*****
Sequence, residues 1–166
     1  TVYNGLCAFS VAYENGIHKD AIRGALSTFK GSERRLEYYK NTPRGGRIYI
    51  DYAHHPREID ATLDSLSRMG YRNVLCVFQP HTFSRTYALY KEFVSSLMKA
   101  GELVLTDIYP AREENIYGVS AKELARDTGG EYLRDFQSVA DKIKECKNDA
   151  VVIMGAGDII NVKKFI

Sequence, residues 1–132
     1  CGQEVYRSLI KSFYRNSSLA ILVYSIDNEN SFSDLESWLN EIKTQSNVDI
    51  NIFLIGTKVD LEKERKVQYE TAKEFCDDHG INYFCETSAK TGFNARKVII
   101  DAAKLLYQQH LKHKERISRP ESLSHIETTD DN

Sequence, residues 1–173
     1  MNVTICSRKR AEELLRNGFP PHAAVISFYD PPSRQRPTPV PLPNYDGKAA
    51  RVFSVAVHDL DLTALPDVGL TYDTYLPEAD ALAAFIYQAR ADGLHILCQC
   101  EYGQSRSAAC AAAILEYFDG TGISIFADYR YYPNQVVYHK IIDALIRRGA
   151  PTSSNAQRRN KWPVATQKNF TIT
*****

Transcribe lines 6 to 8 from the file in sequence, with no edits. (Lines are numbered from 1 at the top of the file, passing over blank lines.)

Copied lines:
Sequence, residues 1–132
     1  CGQEVYRSLI KSFYRNSSLA ILVYSIDNEN SFSDLESWLN EIKTQSNVDI
    51  NIFLIGTKVD LEKERKVQYE TAKEFCDDHG INYFCETSAK TGFNARKVII